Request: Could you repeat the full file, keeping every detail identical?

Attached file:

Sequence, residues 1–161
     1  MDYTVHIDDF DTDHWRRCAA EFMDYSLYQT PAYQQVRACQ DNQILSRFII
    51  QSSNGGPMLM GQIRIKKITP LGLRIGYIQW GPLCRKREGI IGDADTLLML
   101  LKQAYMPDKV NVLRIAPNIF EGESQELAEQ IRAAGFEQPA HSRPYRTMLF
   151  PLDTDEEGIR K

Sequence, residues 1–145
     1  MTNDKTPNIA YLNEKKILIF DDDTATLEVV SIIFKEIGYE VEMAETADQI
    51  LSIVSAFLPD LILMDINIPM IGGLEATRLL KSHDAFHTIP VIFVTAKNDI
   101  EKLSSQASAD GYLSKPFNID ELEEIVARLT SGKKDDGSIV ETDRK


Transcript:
Sequence, residues 1–161
     1  MDYTVHIDDF DTDHWRRCAA EFMDYSLYQT PAYQQVRACQ DNQILSRFII
    51  QSSNGGPMLM GQIRIKKITP LGLRIGYIQW GPLCRKREGI IGDADTLLML
   101  LKQAYMPDKV NVLRIAPNIF EGESQELAEQ IRAAGFEQPA HSRPYRTMLF
   151  PLDTDEEGIR K

Sequence, residues 1–145
     1  MTNDKTPNIA YLNEKKILIF DDDTATLEVV SIIFKEIGYE VEMAETADQI
    51  LSIVSAFLPD LILMDINIPM IGGLEATRLL KSHDAFHTIP VIFVTAKNDI
   101  EKLSSQASAD GYLSKPFNID ELEEIVARLT SGKKDDGSIV ETDRK